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The Code of the Woosters by P. G. Wodehouse

The Code of the Woosters (1938)

by P. G. Wodehouse

Other authors: See the other authors section.

Series: Jeeves (6)

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Showing 1-5 of 41 (next | show all)
hilarious, good Jeeve’s book ( )
  BookstoogeLT | Dec 10, 2016 |
The San Francisco Chronicle once wrote that “He who has not met Wodehouse has not lived a full life.” I concur with that comment! Wodehouse had the most incredible talent, that of writing exceedingly well. But it was one that was able to add unbridled fun in every other phrase—sometimes each single phrase for pages. Interesting of notice is the fact that, 20 years before his death, P. G. Wodehouse became an American citizen—which, in my book, counts several more points for him! The TV series (starring Hugh Laurie and Stephen Fry) was able to only partially capture Bertie’s persona; interestingly, at least from this book, it is very hard to turn Jeeves into an incarnate person… Anyway, this book was published in 1938, but smart humor is timeless and this is one of the instances to prove it. Paraphrasing Anthony Lane of the New York, Wodehouse is the funniest, wittiest writer the human race has ever produced. (And next time someone calls you an "ignorant American" for using the term "old-world," refer to this book--see "Quotes"!) In a BBC broadcast in 1961 Evelyn Waugh said: “Mr. Wodehouse’s idyllic world can never stale. He will continue to release future generations from captivity that may be more irksome than our own. He has made a world for us to live in and delight in.” ( )
  MrsRK | Nov 21, 2016 |
I read an unusual question the other day. It asked, "In a sensationalist age, when everything quickly becomes a matter of passionate intensity, is there a place for the airy trifle?"
There are two correct answers to this question. The first is 'Yes, definitely.' The second, and best way to answer this is to just hand the person asking a copy of any Jeeves & Wooster book or, for that matter, anything written by the brilliantly hilarious [author:P.G. Wodehouse|7963]. In this insane world, who doesn't need a little light-hearted piffle on occasion.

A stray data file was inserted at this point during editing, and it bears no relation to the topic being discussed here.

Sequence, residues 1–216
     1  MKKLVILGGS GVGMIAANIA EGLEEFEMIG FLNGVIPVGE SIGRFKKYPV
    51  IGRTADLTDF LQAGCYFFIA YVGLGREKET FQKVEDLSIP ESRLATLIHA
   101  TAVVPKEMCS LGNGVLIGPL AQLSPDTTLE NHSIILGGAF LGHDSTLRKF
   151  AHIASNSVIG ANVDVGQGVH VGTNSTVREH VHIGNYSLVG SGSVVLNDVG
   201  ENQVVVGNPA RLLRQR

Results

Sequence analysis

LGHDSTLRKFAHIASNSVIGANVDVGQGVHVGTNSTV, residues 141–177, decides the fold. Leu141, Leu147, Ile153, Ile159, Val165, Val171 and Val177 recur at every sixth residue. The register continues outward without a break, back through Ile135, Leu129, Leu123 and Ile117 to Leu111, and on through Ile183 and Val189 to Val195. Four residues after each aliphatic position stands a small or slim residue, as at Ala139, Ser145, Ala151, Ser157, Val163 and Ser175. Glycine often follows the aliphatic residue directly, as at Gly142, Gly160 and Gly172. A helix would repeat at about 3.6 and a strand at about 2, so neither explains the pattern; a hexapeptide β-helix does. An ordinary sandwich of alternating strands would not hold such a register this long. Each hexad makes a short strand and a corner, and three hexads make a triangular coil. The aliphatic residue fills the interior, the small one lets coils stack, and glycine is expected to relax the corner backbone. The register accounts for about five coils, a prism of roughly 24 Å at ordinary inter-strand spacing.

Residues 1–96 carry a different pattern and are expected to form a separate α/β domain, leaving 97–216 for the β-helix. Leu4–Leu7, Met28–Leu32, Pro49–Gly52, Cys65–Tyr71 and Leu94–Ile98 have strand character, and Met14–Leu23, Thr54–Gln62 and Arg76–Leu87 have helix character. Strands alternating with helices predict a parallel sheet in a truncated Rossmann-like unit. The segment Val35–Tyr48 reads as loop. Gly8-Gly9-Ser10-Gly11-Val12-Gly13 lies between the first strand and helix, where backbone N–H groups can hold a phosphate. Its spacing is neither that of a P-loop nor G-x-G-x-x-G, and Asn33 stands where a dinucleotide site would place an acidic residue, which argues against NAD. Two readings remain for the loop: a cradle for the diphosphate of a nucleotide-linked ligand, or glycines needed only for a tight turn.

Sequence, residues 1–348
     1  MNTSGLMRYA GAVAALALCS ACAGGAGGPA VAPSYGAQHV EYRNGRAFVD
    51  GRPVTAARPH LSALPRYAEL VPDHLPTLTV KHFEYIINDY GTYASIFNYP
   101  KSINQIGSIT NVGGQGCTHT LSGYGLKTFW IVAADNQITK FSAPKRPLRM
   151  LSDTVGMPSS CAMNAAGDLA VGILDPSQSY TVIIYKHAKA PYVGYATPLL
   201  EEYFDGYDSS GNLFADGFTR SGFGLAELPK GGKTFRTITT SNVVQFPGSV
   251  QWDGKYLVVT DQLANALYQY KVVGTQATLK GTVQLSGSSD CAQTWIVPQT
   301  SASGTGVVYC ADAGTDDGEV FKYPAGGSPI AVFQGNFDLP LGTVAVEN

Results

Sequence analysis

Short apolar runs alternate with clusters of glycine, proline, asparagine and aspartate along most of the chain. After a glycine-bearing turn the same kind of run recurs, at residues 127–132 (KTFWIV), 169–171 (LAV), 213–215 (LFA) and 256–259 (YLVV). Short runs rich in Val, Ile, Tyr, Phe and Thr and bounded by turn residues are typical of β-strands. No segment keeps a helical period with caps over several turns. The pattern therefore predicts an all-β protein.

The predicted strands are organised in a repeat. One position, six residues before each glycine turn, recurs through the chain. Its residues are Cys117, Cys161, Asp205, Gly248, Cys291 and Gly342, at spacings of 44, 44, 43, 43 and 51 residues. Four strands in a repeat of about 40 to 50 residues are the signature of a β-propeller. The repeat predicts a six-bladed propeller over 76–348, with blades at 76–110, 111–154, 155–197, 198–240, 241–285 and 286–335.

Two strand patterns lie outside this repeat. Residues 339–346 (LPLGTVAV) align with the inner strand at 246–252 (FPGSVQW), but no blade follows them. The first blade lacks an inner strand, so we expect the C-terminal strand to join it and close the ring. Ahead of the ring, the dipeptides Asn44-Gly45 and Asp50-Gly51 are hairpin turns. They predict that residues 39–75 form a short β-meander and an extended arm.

"Am I right, Jeeves?"
"Quite so, sir."
( )
  Unkletom | Sep 2, 2016 |

Chapter 1:

a. The 'C.B.E.' after Sir Watkyn Bassett's name stands for 'Commander of the Order of the British Empire'. You may check here for what that means: https://www.gov.uk/honours/types-of-honours-and-awards

b. Bertie describes Gussie and Madeline. Bertie is probably using 'soupy' in the 'overly sentimental' sense.

Chapter 2:

a. 'Raffles' is E. W. Hornung's fictional gentleman thief.

b. the pea and thimble game is another name for the shell game. ( )
  JalenV | May 25, 2016 |
Bertie Wooster is in a bit of a pickle. He finds himself in a house in the country being badgered by friends and family to solve their problems. His aunt Dahlia wants him to steal a coveted silver cow creamer, to prevent his uncle from trading their gourmet chef, a person dear to Bertie's gourmand heart. His friend Gussie Fink-Nottle is in trouble with his fiancee and needs Bertie's help. Stiffy wants Bertie to help her secure the approval of her uncle to get married to a curate and comes up with a hare-brained scheme involving the silver cow creamer. Betie wants to have nothing to do with any of these crazy problems, but he can't help himself, the brainless twit. He looks to Jeeves to save the day, everyone looks to Jeeves to save the day, but sometimes even Jeeves can't save the day. It is a hilarious silly romp.